Yamaha Golf Car

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Yamaha Golf Car is golf cart product line produced by Yamaha Motor Company.

Yamaha golf cars are presently manufactured at two factories, the Kakegawa factory in Japan, and the Atlanta factory in the USA. In 2000 the factories produced 8,000 and 40,000 carts, respectively. Yamaha has maintained a domestic market share of about 57% in Japan.[1] In the USA Yamaha ranks behind Club Car and E-Z-GO who each have 37% and 35% market share.[2]


The first model, G-1, was produced in 1979 with a gas engine. An electric version was later available in 1980.[3] The last of the G-series was the G22. Their newest platform is "The Drive" golf car (YDR) available in 2007.


Gas Powertrains[edit]

The Yamaha G1 had a 2-stroke engine. The G2-G9 models had a Yamaha-built 4-stroke 285cc 8.5 hp, single-cylinder engine. It has been said to have been a basic copy of Yamaha's motorcycle engine. After the 285 grew long-in-the-tooth, a 300cc was built on the same design platform, but it pumped out 9.5 hp. Next came a 301cc engine built on a new platform. It produced 10.0 hp, and is the design platform for the next 357cc engine. The newest engine of the Yamaha engine lineup is a 357cc, named the 357F, 11.4 hp engine. All of Yamaha's engine except the G1's are 4-stroke, overhead valve (OHV) engines. The Yamaha engine features a splash-style lubrication, in turn eliminating an oil pump and eliminating the need for an oil filter. This saves the cost of oil filter replacement at each tune-up. All Yamaha carts except the YDR ("The Drive") have a Dana/Spicer rear transaxle. The YDR uses TEAM clutch systems and a TEAM transaxle with its brakes housed in the casing, eliminating drum brakes on the two rear wheels.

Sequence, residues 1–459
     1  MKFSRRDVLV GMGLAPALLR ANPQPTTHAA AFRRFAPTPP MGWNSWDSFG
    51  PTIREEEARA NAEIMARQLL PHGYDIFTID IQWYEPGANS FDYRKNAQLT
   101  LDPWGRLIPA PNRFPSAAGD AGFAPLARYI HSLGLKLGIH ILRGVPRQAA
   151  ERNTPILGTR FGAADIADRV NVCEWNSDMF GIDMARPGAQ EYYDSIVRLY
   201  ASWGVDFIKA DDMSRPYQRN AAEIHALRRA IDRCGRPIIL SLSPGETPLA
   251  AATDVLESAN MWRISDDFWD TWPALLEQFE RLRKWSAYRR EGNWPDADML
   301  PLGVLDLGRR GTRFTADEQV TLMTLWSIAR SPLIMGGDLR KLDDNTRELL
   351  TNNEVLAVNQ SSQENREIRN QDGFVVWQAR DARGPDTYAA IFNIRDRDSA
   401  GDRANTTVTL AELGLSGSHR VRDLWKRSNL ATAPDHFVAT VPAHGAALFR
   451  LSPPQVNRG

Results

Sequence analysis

All Yamahas have had a steel, tubular, whether in full or in part, frame.


Ever since the G2, Yamaha golf cars have had a strut front suspension/coilover swingarm rear. Up until the G22, they were live control arms with coilover struts mounting on the arm and to a tower welded to the frame. The G22 and The Drive models have an actual, automobile-like strut setup; in which it keeps the front wheels virtually vertical at all times. This design, is better handling and riding than a leaf spring suspension and or a fixed front axle used by some manufacturers. The rear suspension has a dual coilover shock, live axle/swingarm setup.



  1. ^ Yamaha Golf Car production tops 800,000 mark in 25th year
  2. ^ Burris – An Idea Company
  3. ^ Yamaha Golf Car Time-Line